The South African Reserve Bank (SARB) has described the development of national cryptocurrencies as ”too risky” for the central bank to consider. The statement has been made during a period of increasing development of national cryptocurrencies on the part of authoritarian governments.
“For the Central Bank to Issue Virtual Currencies or Crypto-Currencies in an Open System Will Be Too Risky” – Francois Grope, Deputy Governor of the South African Reserve Bank
During a recent keynote address at the 2017 Strate GIBS Fintech Innovation Conference, Deputy governor of the South African Reserve Bank, Francois Grope, has described the possibility of developing a national cryptocurrency as “too risky”.
During his address, Grope acknowledged the immense disruptive potential of bitcoin and cryptocurrency, and the transformations that contemporary fintech technologies are driving upon traditional banking processes. “We are witnessing the disruption of financial services”, Grope stated. “Over the past decade or so, fintech’s attention and publicity has continued to intensify and increase. It is continuing to usher in completely new ways of banking. Developments in the fintech space are part of an evolutionary process driven by innovations… Virtual currencies have the potential of becoming widely adopted. However, for the central bank to issue virtual currencies or crypto-currencies in an open system will be too risky for us. This is something that we really need to think about.”
The statements come at a time of increasing development of national cryptocurrencies and blockchains, particularly on the part of authoritarian governments. In recent months, Belarus, Singapore, Russia, and China have taken significant steps toward the development and issuance of state directed virtual currencies.
Last month, the central bank of Belarus announced the implementation of blockchain technology into its banking sector, and unveiled plans for future applications for blockchain in the nation’s financial system. Belarus’s central bank revealed that blockchain technology will initially be used as the basis of transnational information transfers. “The new mechanism of maintenance of the register of bank guarantees will ensure the mutual access of the economic entities of the states being members of the Eurasian Economic Union [Armenia, Belarus, Kazakhstan, Kyrgyzstan, and Russia] to the procedures of the government procurements of goods (works, services).” From there, Belarus intends to utilize blockchain technology as the basis for the issuance of securities and the development of the centrally administered national smart contract network. Belarus’s central bank has explicitly stated that it does not intend to utilize the national blockchain for virtual currency transfers.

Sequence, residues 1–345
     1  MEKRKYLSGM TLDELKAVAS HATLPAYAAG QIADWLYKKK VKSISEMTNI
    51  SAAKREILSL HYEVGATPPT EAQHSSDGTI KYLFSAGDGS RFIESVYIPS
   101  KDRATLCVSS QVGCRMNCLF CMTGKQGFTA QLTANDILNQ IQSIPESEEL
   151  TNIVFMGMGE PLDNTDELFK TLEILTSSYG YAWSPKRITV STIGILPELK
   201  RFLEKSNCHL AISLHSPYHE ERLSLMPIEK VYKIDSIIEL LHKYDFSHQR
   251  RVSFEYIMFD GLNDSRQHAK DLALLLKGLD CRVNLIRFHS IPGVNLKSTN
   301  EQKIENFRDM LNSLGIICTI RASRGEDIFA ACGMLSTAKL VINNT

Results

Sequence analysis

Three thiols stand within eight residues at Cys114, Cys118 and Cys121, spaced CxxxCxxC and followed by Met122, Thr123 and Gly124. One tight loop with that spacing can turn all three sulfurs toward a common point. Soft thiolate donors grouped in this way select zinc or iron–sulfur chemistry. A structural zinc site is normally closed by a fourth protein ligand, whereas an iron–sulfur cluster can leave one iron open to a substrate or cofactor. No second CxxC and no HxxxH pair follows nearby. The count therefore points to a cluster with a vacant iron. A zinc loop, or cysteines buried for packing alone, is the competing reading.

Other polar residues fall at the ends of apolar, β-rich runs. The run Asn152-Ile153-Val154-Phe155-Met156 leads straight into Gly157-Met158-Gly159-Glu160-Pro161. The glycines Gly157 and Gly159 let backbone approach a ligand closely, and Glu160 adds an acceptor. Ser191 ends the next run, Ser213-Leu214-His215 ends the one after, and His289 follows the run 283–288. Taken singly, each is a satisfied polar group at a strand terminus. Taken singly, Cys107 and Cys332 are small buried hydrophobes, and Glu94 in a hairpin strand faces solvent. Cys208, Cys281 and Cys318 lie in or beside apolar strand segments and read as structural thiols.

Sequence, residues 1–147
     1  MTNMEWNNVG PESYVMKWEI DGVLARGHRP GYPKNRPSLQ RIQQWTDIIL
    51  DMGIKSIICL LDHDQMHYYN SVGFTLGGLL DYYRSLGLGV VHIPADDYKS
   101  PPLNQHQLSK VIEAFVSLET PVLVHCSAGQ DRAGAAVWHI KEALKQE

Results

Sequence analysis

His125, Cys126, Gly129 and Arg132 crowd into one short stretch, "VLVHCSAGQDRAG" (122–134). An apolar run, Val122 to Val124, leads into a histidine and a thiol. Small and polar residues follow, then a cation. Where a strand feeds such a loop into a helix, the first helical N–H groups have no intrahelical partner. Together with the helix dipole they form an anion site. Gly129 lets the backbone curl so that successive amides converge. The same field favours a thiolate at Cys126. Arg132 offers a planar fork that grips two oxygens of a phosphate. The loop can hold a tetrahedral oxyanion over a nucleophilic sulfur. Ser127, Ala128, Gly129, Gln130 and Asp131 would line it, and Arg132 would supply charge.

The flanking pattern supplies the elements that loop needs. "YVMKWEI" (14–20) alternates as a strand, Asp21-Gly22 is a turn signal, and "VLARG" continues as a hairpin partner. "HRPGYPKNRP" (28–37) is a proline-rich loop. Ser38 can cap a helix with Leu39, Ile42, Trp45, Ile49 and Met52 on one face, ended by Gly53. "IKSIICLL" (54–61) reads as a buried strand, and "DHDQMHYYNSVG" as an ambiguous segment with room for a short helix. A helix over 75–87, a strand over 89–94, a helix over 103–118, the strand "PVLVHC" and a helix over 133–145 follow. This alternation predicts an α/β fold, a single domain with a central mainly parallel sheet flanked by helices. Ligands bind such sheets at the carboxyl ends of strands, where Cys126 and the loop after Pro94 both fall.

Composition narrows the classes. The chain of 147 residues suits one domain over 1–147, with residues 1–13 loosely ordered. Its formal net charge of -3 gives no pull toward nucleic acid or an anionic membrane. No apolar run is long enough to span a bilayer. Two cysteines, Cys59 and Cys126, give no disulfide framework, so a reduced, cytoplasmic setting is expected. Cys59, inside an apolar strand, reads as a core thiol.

National Cryptocurrencies Are Increasingly Being Developed by Authoritarian Regimes
Russia’s deputy Prime Minister has recently stated his support for developing a tightly controlled national cryptocurrency – sentiment that has been echoed by Bank of Russia representatives. Russia is also exploring the development of centrally administered smart contracts, with government officials meeting directly with co-founder of Ethereum, Vitalik Buterin, earlier this year. China is similarly exploring an array of applications for state administered distributed ledger technology, and has previously partnered with Factom on a project designed to enhance the efficiency of prospective Chinese smart-city projects. Singapore also successfully completed a trial project in partnership with Deloitte that saw the issuance of Singaporean dollars via distributed ledger technology earlier this year.
The current international climate suggests that distributed ledger technology is highly appealing to authoritarian governments, indicating that we will likely continue to see illiberal regimes continue to develop state administered versions of blockchain technology. This trend is also evidenced by the increasing popularity of cryptocurrency technology among self-proclaimed autonomous entities, with Transnistria, Donetsk, and Orania all seeking to adopt virtual currency technology as a quick fix to underdeveloped and failing economic and governance structures.
Some liberal states are defying this trend and also moving towards developing centrally administered blockchains, with Estonia recently announcing plans to launch the world’s first government-backed ICO. The majority of liberal nations, however, appear to be taking a cautious approach to cryptocurrency technology, and despite recognition of the potential efficiency savings offered by centrally administered distributed ledger technology, have thus far sought to monitor and regulate private ventures seeking to develop blockchain technology.
Do you think that national cryptocurrencies will become means for governments to garner the efficiency savings of crypto whilst repressing its disruptive potential? Share your thoughts in the comments section below!
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